Now if i had to spend money the no.

Infact even if it was 2 freinds in love i would say screw em. Why should i pay for there love, they should be paying me

posted on Aug, 6 2013 @ 01:49 PM
reply to post by chiefsmom

I've participated in more than one wedding I didn't believe was for the right reason, or that it would last. So far, I've been right on those counts (well, off on ONE, but really, they are both miserable and only still together for the kid), but eh...their mistakes to make, not mine. I'm not their parent, and after giving my advice, I can't force them into anything else.

posted on Aug, 6 2013 @ 11:58 PM
This is pretty easy to answer when you simply throw out the hollow concept of love and simply look at what a marriage really is, a business deal. Literally.

Attraction exists for a lot of reasons but love is a disorder people suffer from in order to make themselves seem right, less alone, less desperate etc.

Everything here makes more sense without it.

posted on Aug, 12 2013 @ 08:59 PM
reply to post by chiefsmom

Yep I sure would, I will tell you why. Marrying for love is a fairly new concept. We in the modern day imagine it has having always being that way but it wasn't. More often than not it was little more than a business arrangement. So when you are asked to do the honors of participating in a wedding whether or not you feel they should be getting married, it isn't your place to judge that.

posted on Aug, 12 2013 @ 10:04 PM
Is it one of those situations where she is more in love with him and willing to do anything to prove it? If so, then I think it's really a bit tragic, but ultimately her choice.

Either way, props to them for helping the child, and there are far worse reasons to get married. It sounds like the guy has been honest, so I applaud him for that and for taking responsibility. I applaud her too.

Perhaps this will spark something and they will fall in love. I would have a hard time not falling in love with a woman willing to marry me to help my child. Obviously they were together before, so there's at least something there.

Interesting question OP. I really do hope everything works out well for everyone involved. I don't think you should be feeling any guilt if you voiced concerns, after all these are adults.

posted on Aug, 13 2013 @ 07:31 AM
reply to post by Domo1

That exactly was my concern. I thought she was "In Love" with him, whereas I knew how he felt. So, that's why I had the sit down with her. Turns out, she feels the same way, loves him, but not in love, and knows that may never happen.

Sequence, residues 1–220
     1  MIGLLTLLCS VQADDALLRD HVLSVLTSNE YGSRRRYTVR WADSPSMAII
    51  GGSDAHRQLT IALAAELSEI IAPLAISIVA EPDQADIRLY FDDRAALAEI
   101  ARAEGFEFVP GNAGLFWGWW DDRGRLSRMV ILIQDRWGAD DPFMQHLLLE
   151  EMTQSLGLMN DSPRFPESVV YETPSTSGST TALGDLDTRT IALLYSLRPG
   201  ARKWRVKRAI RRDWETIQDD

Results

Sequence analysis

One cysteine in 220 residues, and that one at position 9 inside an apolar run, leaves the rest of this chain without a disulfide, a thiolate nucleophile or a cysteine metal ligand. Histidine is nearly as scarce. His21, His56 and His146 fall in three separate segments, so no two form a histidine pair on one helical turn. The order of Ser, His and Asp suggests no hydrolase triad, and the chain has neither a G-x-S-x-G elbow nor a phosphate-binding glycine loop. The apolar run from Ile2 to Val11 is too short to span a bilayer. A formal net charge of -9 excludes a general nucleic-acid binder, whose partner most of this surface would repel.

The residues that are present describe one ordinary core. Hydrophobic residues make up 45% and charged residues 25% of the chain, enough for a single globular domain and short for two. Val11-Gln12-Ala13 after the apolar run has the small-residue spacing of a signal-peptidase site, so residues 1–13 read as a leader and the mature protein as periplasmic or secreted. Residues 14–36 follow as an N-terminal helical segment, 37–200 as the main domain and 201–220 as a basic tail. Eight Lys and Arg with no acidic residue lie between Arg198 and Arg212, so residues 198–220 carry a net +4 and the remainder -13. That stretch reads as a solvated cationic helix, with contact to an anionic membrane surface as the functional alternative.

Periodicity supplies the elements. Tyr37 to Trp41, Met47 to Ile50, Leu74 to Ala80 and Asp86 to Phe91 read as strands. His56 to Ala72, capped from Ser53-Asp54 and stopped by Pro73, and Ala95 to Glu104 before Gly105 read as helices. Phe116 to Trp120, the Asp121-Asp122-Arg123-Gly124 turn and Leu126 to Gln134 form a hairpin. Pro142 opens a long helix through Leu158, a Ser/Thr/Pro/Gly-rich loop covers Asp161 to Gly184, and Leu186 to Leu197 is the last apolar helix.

She says they are comfortable. And I think, because they are older, maybe that is enough? They have each other and are not alone.

Oh, and they have a custody hearing coming up in two weeks, and everything is looking good and in their favor. Hopefully the child can start school here, without having to be pulled from somewhere else after it starts.

posted on Aug, 13 2013 @ 08:14 AM
Hi OP and Everyone,
Everlasting romantic love is a concept perpetuated by fairy tales. How many couples actually live 'happily ever after'?
You never really know how another person is feeling...or what their personal motive for getting married is. A lot of people claim to be 'in love', when truthfully they are looking for companionship, security, or even sex.
This couple may not be 'in love' with each other, but apparently they share a love for this child. (Lots of married folks stay married for the sake of the children).
I think you (OP) need to remove your own experiences from the mix...what happened to you will not necessarily happen to them.
Perhaps they have a better chance for success by being honest about their reason for give a stable home to a child they both love...instead of expecting infinite bliss.
Marriage/partnership takes more than long smoldering takes commitment.

posted on Aug, 13 2013 @ 09:42 AM
Yes, I would.

From what I know about love is that you want to support the people you care about. It doesn't mean you agree or approve but that you can offer your support when a loved one needs it.

After my parents divorce that I took very hard, my father remarried a 27 year old woman- three years older than me at the time. I still attended their wedding- one of only three family members to do so. Inevitably they were divorced within a year. Duh! But I still went.

Besides, love-based marriages are a relatively new concept. So if a two people were getting married for practical reasons like raising a child together, I wouldn't morally object.